For some international individuals stuck in the UK, this may push them over a time threshold used for the purposes of determining their residence for tax purposes and could mean they must pay more tax.
What is the test?
You may already be familiar with the concept of the Statutory Residence Test (SRT) which considers a number of factors to conclude whether or not you are resident in the UK in a particular tax year. The key factor is the number of days spent in the UK in that tax year. If the number of days is between 16 and 183 days, other factors such as the location of your main residence, your work and the ties you have to the UK must also be considered.
Unexpected days in the UK are likely to be unwelcome for international individuals for whom UK tax residence would mean a much higher UK tax bill.
If you’re forced to remain in the UK, what can you do?
Legislation allows you to claim that exceptional circumstances beyond your control have caused you to stay in the UK longer than would have would otherwise have done. If you can demonstrate this, you can claim that up to a maximum of 60 days per tax year should be disregarded for the purposes of the SRT.
Exceptional circumstances can include births, deaths, sudden and life-threatening illness or injury; the legislation also refers to 'national or local emergencies such as war, civil unrest or natural disasters'. If these events happen to you, your spouse or your dependent child, HMRC will generally allow a certain amount of disregard. Illness of others is more of a grey area. HMRC will be concerned with a lack of choice as to whether to remain in the UK.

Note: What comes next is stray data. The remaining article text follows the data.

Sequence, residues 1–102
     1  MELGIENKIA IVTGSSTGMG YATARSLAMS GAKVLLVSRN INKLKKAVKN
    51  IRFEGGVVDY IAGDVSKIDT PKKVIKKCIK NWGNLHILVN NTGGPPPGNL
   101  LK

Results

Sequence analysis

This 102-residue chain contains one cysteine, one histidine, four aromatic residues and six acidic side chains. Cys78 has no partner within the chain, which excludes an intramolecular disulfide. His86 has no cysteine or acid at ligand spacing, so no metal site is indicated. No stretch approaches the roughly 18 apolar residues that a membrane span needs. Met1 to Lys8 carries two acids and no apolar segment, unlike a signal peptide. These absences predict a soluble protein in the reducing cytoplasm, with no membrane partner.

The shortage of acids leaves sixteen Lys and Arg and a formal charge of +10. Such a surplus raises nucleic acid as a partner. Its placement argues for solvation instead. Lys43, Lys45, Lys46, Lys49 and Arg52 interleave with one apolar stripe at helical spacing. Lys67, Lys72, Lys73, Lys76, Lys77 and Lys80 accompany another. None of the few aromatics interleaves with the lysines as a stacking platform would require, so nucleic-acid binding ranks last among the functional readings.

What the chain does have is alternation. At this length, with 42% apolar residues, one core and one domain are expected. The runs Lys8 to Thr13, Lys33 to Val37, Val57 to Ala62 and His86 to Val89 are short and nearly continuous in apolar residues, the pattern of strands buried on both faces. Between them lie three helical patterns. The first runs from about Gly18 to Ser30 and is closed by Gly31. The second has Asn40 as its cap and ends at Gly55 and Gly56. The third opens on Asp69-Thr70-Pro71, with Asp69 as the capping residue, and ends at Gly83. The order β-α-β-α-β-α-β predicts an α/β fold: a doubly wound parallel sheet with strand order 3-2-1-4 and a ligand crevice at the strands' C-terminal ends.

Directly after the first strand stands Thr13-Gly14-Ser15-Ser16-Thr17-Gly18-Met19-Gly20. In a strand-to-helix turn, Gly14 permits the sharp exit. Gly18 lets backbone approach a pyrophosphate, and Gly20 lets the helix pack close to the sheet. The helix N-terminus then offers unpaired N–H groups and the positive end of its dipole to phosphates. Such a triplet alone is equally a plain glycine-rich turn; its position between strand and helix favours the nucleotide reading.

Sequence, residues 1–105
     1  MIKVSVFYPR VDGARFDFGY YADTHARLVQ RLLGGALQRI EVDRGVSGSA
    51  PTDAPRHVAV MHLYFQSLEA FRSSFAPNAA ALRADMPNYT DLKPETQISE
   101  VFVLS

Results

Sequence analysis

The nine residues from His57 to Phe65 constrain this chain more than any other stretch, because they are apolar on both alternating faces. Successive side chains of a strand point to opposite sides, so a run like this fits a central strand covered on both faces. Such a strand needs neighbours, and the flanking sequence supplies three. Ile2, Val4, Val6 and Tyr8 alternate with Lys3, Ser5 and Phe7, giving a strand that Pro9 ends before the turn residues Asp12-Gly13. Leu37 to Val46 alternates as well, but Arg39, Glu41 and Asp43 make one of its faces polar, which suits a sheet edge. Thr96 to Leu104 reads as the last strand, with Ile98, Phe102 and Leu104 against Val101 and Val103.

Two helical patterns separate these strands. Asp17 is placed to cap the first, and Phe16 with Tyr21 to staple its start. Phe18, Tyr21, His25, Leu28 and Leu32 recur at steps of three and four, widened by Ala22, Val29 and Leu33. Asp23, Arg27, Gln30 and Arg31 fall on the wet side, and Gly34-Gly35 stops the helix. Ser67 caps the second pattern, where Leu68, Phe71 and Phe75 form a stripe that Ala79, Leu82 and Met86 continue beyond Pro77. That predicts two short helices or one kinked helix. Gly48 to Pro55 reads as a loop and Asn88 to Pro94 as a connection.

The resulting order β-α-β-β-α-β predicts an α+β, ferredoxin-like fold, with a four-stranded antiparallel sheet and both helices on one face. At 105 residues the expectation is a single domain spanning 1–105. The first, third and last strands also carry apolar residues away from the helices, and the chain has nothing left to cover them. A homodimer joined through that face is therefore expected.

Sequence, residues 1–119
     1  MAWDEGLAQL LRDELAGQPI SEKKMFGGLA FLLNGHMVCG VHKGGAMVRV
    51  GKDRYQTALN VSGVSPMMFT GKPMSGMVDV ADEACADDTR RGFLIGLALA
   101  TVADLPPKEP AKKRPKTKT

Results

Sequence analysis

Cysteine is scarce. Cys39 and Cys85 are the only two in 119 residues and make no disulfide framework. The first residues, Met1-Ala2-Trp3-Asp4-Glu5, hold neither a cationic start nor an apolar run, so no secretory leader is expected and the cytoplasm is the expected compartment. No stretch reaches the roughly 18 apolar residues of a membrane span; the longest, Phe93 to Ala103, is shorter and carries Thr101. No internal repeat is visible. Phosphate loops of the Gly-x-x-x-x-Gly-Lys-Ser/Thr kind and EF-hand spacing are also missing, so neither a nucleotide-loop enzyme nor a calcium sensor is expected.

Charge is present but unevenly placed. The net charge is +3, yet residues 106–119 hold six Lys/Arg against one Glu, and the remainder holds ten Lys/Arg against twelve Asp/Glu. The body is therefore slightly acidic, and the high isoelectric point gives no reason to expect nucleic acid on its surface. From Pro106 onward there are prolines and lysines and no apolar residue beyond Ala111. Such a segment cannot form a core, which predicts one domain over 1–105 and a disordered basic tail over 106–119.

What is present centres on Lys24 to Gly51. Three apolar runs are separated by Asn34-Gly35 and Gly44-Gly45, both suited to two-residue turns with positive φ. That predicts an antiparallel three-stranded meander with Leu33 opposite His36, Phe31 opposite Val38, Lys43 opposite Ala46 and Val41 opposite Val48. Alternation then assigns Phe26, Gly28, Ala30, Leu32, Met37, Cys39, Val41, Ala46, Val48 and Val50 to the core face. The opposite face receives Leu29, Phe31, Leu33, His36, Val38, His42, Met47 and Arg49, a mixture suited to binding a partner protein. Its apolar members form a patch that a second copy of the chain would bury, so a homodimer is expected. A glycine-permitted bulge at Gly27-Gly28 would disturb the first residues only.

Is COVID-19 an exceptional circumstance?
Each case will of course turn on its own facts and circumstances.
HMRC guidance confirms that if you:
- are quarantined or advised by a health professional or public health guidance to self-isolate in the UK as a result of the virus
- find yourself advised by official Government advice not to travel from the UK as a result of the virus
- are unable to leave the UK as a result of the closure of international borders; or
- are asked by your employer to return to the UK temporarily as a result of the virus
the circumstances are considered as exceptional.
The impact of the virus and guidance in response are changing rapidly so advice should be regularly reviewed.
What should I do now?
From a practical point of view, keeping a record of the reasons you could not leave the UK together with any evidence as to these reasons and the dates on which this applied will assist to alleviate any difficulties encountered long after the event.
You must fully intend to leave the UK as soon as you can and do so without delay as soon as the restrictions are lifted.
Care should be taken not to use your time in the UK in a way which may prevent the concession from being claimed, for example, by working more than three hours per day.
Whilst you can contact your professional advisors to update them on your circumstances, you can seek specific advice by getting in touch with our Private Client Team.
The content of this article is for general information only. It is not, and should not be taken as, legal advice. If you require any further information in relation to this article please contact the author in the first instance. Law covered as at April 2020.